The best thing about Future Noir is the way it is written. Paul M. Sammon is obviously very passionate about – and fond of – Blade Runner, but is also willing to ask his interviewees difficult questions. The result is one of the most frank accounts of Hollywood moviemaking ever written, a detailed narrative with many twists and turns that pulls no punches. This isn’t the sugar-coated PR machine that film fans will be used to; Future Noir openly admits that the making of Blade Runner was extremely challenging for all involved.

The revelations never stop as Future Noir moves from revealing chapters such as ‘Script Wars’ to compelling ones such as ‘”Blood Runner”: Friction on the Set’. Every aspect of Blade Runner’s creation is covered with great warmth and the writing never drags; the mixture of facts, opinions and quotes is perfect. Even the most hardcore Blade Runner fan will discover something new here, whether it’s the planned replicant funeral scene that didn’t happen (much to Ridley Scott’s disappointment), the process by which the special effects team added convincing rain effects to the miniature shots (complete with realistic lighting and depth), or the fact that Scott himself was fired from his own movie because he went over budget, but carried on working anyway.

We worked like hell for months to get the street set right. We must’ve bought every piece of pipe, plastic, steel, and wood in a five-thousand-mile radius. [Then the] day came to show it to Ridley. Larry [Paull] and I were standing there – shaking, of course – when Ridley drove up to the back lot. The set was already way over budget and cost over $1 million. He got out of the car, looked around, took [a] cigar out of his mouth, and said, “This is a great start!” Then he got in his car and drove off. Larry and I stood there in complete silence for five minutes and then said, “What the fuck are we going to do now?”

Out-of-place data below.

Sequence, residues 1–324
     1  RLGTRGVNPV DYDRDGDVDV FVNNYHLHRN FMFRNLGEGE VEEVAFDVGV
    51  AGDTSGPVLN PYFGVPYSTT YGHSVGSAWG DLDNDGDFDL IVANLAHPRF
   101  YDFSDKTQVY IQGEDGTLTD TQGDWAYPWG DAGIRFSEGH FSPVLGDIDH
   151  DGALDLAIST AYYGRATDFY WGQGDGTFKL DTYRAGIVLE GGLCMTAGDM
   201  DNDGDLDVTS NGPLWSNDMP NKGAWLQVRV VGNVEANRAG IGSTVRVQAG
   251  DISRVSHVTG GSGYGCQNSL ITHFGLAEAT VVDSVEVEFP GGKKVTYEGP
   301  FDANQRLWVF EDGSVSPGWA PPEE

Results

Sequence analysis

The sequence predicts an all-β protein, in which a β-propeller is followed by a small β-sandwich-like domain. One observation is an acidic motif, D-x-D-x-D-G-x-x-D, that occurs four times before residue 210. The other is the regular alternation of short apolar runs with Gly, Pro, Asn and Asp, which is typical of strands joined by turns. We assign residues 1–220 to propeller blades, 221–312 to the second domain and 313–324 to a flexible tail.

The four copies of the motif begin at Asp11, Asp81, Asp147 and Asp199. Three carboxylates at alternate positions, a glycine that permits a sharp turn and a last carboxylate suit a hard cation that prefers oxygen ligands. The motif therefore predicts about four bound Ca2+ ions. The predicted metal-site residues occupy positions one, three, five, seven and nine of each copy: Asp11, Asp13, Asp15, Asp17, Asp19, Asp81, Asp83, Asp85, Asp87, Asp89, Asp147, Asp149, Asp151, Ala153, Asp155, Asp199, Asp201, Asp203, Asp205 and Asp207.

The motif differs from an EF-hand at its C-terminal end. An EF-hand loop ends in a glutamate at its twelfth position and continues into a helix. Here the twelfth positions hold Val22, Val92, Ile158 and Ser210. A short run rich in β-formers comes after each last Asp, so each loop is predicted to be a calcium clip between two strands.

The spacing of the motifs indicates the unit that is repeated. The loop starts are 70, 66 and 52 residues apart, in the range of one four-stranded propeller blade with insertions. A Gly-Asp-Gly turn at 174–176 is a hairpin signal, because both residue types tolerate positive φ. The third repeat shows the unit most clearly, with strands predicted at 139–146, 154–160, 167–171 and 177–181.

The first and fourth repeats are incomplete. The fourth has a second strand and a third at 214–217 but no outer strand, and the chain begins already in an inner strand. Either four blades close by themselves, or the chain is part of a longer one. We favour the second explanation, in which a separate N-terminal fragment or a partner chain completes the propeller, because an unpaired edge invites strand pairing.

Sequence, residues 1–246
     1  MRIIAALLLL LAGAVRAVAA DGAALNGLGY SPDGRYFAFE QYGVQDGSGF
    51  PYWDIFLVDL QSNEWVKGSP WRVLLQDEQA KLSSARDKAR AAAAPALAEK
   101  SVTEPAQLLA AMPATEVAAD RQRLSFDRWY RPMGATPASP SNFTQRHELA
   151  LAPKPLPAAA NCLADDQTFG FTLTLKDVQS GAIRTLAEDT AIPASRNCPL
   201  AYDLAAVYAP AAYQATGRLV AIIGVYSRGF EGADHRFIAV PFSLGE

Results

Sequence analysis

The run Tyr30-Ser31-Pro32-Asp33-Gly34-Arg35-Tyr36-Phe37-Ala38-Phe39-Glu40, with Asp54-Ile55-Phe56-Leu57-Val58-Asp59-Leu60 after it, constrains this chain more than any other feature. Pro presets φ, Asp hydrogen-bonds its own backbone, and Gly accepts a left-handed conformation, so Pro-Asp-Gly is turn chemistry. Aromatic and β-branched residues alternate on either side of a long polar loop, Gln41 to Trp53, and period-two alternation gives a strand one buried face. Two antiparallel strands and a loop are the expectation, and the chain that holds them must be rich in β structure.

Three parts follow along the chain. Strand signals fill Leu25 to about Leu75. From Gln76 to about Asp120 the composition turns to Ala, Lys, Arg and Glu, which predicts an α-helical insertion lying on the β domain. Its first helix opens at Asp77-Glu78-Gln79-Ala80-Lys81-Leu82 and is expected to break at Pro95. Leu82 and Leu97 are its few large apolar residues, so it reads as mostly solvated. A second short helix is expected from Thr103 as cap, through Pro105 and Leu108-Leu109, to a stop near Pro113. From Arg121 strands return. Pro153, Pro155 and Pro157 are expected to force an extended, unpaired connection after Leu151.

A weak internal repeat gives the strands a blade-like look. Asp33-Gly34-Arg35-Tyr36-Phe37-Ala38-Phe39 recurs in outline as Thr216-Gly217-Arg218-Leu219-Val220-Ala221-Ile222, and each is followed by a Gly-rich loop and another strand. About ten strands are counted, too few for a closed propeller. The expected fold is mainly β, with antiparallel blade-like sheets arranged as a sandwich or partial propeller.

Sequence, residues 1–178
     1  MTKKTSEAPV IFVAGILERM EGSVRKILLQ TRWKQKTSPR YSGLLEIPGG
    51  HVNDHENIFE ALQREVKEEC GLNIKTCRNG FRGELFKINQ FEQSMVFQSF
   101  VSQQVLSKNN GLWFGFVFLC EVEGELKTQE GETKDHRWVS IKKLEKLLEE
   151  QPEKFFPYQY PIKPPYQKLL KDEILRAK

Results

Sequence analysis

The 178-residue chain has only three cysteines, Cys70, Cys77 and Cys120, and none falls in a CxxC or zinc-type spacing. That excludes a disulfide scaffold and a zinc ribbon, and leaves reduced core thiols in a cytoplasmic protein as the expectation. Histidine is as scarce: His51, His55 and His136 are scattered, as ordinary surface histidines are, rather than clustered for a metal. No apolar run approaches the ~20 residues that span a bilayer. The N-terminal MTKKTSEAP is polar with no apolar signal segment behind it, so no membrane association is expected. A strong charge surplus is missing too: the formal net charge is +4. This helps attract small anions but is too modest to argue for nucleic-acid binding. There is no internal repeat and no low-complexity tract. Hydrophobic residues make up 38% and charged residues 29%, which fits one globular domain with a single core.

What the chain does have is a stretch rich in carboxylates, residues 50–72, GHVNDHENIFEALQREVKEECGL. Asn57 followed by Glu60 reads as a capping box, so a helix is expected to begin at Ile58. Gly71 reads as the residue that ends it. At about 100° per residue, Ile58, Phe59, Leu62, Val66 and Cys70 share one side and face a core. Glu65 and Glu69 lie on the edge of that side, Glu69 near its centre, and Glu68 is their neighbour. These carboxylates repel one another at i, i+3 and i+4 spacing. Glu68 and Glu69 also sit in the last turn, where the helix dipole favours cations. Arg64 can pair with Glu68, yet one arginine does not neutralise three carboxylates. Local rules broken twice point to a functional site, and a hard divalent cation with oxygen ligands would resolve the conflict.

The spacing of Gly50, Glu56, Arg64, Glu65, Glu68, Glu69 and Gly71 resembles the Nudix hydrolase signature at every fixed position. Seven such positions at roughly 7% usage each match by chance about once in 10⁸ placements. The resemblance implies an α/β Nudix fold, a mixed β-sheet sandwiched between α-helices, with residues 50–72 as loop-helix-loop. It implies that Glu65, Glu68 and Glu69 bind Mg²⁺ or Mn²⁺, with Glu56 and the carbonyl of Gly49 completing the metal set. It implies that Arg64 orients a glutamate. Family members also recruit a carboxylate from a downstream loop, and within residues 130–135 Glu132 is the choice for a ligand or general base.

David L. Snyder

Future Noir’s Third Edition is the same great book that I read over a decade ago, with slightly smaller text and many more pages. The revisions are all welcome; for example, Joe Turkel couldn’t be reached for the First Edition and there were false rumours circulating at the time that he was dead. In this new edition, Joe Turkel has been contacted, is very much alive and well, and is more than happy to share his memories of working on the film. Furthermore, the newly included interviews with Ridley Scott, Harrison Ford, Sean Young and Rutger Hauer are as comprehensive and revealing as the main text, ending the book on a highly satisfying note.

In short, if you’re a fan of Blade Runner – or enjoyed reading a previous edition of Future Noir – you won’t want to miss out on this incredible filmmaking story. The quality of the Third Edition’s cover and pages does dip slightly below the quality of the original UK paperback, but that’s probably because it’s nearly 200 pages longer; plus, the stiff spine of my old copy’s cover cracked despite my best efforts, whereas this new edition practically falls open making it a little bit easier to read. The infrequent printing errors are easily forgiven. Paul M. Sammon has seen things you people wouldn’t believe and it’s never anything less than an absolute pleasure reading about them.

10 OUT OF 10